Part 2: Serial Reading Guide for The Age of Innocence, chs. 10-21.
1. How do you feel about Archer’s desire to “take the bandages” from May’s eyes (ch. 10) so that she can see true reality? Does Archer have an interest in helping Ellen “see” as well?
2. Key passages:
A) “Ruminating on these things as he approached her door, he was once more conscious of the curious way in which she reversed his values, and of the need of thinking himself into conditions incredibly different from any that he knew if he were to be of use in her present difficulty.” (ch 12)
B) “Yet he never saw her, or exchanged a word with her, without feeling that, after all, May’s ingenuousness almost amounted to a gift of divination.” (ch. 13)
C) “Who’s ‘they’? Why don’t you all get together and be ‘they’ yourselves?” (ch. 14)
3. In chapter 14, how would you compare the character of Ned Winsett to Archer?
4. Key passage:
“What we’ve all contrived to make it,” he felt like answering. “If you’d all of you rather she should be Beaufort’s mistress than some decent fellow’s wife you’ve certainly gone the right way about it.”
He wondered what Mrs. Welland would have said if he had uttered the words instead of merely thinking them. He could picture the sudden decomposure of her firm placid features, to which a lifelong mastery over trifles had given an air of factitious authority. Traces still lingered on them of a fresh beauty like her daughter’s; and he asked himself if May’s face was doomed to thicken into the same middle-aged image of invincible innocence.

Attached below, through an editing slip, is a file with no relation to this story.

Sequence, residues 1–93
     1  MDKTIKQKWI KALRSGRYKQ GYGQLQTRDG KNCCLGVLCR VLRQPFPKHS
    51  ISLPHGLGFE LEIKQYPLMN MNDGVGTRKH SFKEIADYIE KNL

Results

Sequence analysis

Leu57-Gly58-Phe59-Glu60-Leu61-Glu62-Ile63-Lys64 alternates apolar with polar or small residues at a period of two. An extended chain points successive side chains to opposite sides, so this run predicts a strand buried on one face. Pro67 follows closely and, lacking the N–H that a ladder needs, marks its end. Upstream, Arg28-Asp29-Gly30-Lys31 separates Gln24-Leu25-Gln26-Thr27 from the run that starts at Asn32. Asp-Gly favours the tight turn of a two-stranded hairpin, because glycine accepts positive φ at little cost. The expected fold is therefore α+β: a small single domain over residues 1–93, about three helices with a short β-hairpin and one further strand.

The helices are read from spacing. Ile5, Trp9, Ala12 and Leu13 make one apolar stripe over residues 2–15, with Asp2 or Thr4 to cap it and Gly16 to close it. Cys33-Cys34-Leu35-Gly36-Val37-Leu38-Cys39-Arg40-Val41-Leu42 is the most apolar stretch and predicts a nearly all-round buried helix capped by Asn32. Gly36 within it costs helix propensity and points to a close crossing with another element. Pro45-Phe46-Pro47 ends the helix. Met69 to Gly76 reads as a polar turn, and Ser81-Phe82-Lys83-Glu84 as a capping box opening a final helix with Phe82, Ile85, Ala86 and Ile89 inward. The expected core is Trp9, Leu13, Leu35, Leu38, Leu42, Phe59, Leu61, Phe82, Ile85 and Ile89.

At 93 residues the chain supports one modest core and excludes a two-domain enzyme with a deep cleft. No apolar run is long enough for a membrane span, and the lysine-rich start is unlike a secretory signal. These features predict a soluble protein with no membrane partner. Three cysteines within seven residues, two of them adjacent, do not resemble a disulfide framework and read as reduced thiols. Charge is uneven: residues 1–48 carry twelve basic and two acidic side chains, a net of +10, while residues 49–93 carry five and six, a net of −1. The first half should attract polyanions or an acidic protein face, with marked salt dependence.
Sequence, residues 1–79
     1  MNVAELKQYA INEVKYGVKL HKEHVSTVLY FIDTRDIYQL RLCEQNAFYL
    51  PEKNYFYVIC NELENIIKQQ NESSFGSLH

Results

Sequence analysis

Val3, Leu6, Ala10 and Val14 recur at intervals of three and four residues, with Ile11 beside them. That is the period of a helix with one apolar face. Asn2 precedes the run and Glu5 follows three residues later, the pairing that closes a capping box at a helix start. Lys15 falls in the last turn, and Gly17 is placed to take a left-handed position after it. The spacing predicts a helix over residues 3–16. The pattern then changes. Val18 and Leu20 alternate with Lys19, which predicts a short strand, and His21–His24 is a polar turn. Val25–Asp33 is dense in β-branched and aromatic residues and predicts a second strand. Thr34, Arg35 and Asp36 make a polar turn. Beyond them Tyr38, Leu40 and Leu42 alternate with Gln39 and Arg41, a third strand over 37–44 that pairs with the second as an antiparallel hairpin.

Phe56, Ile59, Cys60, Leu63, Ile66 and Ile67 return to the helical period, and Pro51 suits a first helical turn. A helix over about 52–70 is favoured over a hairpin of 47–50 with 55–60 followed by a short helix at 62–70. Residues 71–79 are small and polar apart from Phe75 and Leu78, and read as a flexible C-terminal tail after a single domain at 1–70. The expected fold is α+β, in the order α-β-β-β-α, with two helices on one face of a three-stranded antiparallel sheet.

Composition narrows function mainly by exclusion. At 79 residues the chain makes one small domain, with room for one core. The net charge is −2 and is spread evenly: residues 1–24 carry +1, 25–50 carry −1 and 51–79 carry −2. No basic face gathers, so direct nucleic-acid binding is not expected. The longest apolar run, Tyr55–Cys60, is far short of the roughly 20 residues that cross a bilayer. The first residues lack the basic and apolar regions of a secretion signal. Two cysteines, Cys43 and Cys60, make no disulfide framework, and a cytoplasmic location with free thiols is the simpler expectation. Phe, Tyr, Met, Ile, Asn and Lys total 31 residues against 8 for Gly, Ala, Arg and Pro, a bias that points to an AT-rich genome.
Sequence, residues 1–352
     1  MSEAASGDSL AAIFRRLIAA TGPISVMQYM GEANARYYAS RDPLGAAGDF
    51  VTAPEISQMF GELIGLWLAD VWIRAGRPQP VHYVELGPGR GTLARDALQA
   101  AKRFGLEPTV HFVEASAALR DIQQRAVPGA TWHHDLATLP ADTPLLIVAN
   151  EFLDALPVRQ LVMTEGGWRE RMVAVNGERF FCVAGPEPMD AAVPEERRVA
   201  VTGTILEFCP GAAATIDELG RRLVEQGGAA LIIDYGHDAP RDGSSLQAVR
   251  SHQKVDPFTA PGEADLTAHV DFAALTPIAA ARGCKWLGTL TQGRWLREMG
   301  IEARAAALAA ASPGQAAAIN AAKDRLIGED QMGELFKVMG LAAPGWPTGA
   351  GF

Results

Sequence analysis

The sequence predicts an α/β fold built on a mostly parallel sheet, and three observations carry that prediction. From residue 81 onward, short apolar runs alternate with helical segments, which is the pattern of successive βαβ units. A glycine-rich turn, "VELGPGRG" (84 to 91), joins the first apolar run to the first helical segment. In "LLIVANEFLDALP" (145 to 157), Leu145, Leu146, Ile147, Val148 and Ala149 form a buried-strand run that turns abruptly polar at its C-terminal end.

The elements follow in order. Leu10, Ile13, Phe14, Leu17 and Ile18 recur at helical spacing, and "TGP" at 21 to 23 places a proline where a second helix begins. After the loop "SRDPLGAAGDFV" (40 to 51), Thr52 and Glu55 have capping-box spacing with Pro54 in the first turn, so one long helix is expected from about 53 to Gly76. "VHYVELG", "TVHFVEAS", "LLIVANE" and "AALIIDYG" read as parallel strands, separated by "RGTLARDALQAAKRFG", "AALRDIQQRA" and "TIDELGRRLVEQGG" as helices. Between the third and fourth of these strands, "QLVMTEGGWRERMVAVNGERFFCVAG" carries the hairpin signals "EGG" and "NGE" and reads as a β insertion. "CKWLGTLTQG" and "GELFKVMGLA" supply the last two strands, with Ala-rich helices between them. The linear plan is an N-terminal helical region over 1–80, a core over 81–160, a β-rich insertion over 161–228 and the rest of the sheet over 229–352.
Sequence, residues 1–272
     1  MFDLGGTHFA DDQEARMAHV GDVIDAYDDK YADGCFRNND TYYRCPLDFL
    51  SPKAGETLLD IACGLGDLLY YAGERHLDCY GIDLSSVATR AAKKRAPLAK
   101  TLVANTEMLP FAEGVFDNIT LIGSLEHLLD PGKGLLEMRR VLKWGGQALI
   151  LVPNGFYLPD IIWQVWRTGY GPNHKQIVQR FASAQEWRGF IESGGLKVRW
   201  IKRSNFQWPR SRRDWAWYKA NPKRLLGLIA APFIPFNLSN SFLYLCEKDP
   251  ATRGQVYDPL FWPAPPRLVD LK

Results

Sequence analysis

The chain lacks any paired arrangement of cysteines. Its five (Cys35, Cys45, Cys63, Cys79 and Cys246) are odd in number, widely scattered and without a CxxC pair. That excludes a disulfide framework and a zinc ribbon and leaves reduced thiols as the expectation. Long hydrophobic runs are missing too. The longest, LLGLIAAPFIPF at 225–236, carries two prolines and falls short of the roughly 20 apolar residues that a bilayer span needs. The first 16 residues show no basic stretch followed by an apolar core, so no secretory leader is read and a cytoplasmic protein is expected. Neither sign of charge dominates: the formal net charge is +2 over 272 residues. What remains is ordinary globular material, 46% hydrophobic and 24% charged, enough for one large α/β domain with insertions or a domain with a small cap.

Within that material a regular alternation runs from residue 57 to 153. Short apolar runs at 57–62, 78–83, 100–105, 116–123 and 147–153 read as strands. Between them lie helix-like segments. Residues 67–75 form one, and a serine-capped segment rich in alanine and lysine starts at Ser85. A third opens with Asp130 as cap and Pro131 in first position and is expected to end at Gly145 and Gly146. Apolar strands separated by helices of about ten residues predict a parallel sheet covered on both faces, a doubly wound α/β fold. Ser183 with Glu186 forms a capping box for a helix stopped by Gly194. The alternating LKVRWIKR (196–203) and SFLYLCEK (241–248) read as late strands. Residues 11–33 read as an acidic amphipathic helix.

Ah, no, he did not want May to have that kind of innocence, the innocence that seals the mind against imagination and the heart against experience! (ch. 16, pgs. 102-103)
5. Watch for indications of May’s thoughts in the dialogue of chapter 16.
6. Note how the narrative carefully controls the passage and duration of time in chapter 19.
7. What has changed in Archer’s mind by the end of chapter 21?
8. Literary criticism: Elizabeth Ammons has suggested that The Age of Innocence “argues against the sentimentality of idealizing an ‘innocent’ American woman” and that “the price of innocence is diminished humanity for women.” In fact, characters such as Ellen Olenska “seek informed active adulthoods only to find that America insists on perpetual daughterhood, eternal innocence.”1